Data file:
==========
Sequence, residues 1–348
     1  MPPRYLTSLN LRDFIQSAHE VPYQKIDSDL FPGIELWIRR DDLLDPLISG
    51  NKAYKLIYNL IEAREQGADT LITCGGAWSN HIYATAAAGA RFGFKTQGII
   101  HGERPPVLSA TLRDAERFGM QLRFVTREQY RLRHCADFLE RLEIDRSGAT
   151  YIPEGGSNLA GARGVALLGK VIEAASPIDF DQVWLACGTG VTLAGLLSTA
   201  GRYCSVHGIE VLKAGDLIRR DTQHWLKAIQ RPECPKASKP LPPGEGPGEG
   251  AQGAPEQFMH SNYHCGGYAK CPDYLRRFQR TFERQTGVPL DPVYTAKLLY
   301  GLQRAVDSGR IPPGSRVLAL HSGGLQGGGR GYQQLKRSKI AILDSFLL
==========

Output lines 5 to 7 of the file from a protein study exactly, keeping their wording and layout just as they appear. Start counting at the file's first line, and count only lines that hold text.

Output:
   151  YIPEGGSNLA GARGVALLGK VIEAASPIDF DQVWLACGTG VTLAGLLSTA
   201  GRYCSVHGIE VLKAGDLIRR DTQHWLKAIQ RPECPKASKP LPPGEGPGEG
   251  AQGAPEQFMH SNYHCGGYAK CPDYLRRFQR TFERQTGVPL DPVYTAKLLY